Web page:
Triple Target Terminator (T3); DRADM

DARPA has awarded two competitive development contracts to Boeing and raytheon, to conduct conceptual design and development of a multi-mission air/air and air/ground missile dubbed ‘Triple Target Terminator’ (T3). The program, part of the agency’s advanced weapons initiative, is pursuing a high speed, long-range missile that can engage enemy aircraft, cruise missile and air defense targets. T3 will be designed for internal carriage on stealth aircraft like the F-35, F-22 and F-15SE, or externally on fighters, bombers and UAVs.

An illustration depicting the Triple Target Terminator (T3) Future multi-mission missile, an initiative led by DARPA to provide 5th Generation figters and unmanned combat aircraft with common air/air and defense supression weapon.

T3 would allow strike fighter aircraft to rapidly switch between air-to-air and air-to-surface (counter-air) capabilities. The missile is likely to be equipped with multi-mode seeker and network-centric data links, providing high level of target discrimination, employment of kinetic network-centric applications and human-in-the-loop control. An advanced multi-purpose warhead will be required to engage the wide range of targets with maximum lethality.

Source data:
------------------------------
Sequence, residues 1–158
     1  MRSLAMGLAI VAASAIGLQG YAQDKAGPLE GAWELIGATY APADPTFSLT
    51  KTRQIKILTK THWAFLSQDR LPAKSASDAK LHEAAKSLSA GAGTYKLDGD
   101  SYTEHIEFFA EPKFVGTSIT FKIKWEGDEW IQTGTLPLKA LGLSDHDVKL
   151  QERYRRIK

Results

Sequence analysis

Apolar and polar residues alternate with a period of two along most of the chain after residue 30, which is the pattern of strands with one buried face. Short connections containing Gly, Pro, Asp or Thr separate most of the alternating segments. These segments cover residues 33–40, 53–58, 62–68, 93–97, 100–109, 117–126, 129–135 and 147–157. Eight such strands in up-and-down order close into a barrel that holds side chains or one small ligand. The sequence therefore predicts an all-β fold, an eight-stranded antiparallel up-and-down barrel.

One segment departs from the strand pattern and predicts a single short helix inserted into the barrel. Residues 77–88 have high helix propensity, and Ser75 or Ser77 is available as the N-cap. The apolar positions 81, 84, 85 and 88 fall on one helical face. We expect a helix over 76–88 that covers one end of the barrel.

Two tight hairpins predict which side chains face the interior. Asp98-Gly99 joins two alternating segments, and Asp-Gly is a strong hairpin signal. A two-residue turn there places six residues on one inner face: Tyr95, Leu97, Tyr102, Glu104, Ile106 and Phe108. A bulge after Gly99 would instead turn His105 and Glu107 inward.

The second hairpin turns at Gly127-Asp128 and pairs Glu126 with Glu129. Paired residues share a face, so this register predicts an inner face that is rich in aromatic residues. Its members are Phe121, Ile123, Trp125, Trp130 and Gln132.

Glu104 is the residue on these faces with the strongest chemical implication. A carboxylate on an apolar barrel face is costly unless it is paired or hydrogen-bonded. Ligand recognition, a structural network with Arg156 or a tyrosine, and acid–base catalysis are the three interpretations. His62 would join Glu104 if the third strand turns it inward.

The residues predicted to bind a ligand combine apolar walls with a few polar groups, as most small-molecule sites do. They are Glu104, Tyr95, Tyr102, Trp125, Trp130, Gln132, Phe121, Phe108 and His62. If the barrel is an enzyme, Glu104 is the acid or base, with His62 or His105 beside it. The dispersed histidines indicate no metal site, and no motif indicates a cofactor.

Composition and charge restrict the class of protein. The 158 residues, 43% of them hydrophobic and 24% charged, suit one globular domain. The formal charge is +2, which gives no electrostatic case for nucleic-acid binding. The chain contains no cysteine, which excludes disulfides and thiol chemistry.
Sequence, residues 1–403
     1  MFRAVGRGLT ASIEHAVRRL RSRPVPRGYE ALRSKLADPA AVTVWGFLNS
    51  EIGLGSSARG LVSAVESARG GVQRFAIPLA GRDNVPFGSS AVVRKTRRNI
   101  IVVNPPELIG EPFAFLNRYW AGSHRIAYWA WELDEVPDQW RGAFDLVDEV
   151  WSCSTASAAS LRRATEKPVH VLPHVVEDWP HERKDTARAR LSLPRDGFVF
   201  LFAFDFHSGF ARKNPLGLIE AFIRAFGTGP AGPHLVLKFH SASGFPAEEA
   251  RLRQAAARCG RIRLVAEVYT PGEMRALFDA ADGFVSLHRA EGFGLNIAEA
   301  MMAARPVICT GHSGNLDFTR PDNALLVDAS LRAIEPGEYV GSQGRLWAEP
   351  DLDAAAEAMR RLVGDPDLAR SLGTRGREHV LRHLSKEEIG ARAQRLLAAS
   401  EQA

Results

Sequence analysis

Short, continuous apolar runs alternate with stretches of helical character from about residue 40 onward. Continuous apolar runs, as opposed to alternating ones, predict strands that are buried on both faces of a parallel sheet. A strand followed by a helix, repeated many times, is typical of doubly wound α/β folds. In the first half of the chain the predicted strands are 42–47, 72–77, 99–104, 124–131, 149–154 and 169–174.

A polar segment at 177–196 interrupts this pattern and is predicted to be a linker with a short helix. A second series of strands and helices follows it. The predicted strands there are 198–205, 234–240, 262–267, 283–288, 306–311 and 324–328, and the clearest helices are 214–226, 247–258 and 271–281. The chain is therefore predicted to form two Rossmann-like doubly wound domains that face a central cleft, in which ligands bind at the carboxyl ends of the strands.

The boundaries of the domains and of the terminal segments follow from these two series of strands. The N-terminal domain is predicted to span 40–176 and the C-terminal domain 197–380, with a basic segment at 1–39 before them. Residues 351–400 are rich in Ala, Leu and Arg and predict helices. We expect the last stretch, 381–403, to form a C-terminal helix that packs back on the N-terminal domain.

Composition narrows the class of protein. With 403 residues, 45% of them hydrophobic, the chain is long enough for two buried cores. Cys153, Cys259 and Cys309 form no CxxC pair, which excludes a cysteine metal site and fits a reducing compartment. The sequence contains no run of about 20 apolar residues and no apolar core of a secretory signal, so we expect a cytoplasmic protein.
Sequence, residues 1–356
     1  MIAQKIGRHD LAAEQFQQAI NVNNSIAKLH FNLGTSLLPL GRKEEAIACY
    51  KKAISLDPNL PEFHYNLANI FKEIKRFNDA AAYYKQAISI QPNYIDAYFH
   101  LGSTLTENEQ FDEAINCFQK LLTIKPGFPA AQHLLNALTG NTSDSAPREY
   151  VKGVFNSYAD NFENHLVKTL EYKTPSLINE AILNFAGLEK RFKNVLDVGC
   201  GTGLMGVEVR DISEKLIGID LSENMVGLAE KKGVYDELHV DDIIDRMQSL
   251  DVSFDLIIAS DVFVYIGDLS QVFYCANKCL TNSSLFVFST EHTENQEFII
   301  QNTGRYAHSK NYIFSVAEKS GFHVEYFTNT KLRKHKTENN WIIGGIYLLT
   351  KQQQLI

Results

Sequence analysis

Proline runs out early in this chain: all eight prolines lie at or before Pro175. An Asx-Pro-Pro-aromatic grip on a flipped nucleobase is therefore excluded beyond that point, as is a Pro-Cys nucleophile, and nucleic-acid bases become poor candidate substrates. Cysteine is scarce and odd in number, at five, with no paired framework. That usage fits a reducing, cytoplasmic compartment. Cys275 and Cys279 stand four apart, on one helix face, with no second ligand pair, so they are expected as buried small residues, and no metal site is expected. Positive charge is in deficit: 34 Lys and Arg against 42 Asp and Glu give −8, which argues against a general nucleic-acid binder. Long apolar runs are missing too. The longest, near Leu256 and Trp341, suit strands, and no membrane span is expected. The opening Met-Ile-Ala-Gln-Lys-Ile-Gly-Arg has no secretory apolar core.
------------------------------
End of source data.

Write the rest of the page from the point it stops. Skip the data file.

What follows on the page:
Raytheon and Boeing were each awarded $21.3 million contracts in November 2010, for the development of T3. The companies are expected to deliver conceptual designs within a year, and continue developing the future weapon, providing prototype missiles for flight demonstration by 2014.

Parallel to DARPA’s T3 program the U.S. Air Force Research Laboratory (AFRL) is also examining new technologies for a future air/air weapon known as ‘DRADM‘. Boeing was awarded contracts for the demonstration of a vector thrust propulsion and control, terminal guidance sensors, shaped-charge warhead and fuse mechanism for such a missile. In 2010 DARPA has also funded technology tradeoff studies associated with similar aspects of T3. It has yet to be determined whether the two programs will compete or supplement each other in a common design. ATK, Lockheed Martin and Northrop Grumman have teamed up to pursue future, dual-role missile development to date, but none of these companies were awarded contracts for T3 or DRADM.

Whatever the future missile will be, it is expected to replace current AIM-120 AMRAAM and AGM-88 HARM ‘air dominance’ missiles currently in service with U.S. air Combat Command, U.S. Navy, Marines, and many allied air forces.

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